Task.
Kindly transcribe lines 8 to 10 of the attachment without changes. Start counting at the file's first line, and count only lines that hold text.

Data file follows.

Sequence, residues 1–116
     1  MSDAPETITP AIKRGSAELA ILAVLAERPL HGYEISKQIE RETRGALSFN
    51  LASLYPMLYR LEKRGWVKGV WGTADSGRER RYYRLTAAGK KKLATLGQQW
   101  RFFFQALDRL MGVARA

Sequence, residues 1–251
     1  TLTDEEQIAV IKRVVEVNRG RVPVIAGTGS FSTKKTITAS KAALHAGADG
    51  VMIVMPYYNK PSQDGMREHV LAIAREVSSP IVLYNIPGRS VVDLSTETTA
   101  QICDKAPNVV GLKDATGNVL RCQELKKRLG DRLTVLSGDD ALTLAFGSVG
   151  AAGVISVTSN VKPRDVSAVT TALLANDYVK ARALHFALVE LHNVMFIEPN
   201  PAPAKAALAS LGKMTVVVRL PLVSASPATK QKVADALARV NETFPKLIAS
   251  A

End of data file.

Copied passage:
   101  QICDKAPNVV GLKDATGNVL RCQELKKRLG DRLTVLSGDD ALTLAFGSVG
   151  AAGVISVTSN VKPRDVSAVT TALLANDYVK ARALHFALVE LHNVMFIEPN
   201  PAPAKAALAS LGKMTVVVRL PLVSASPATK QKVADALARV NETFPKLIAS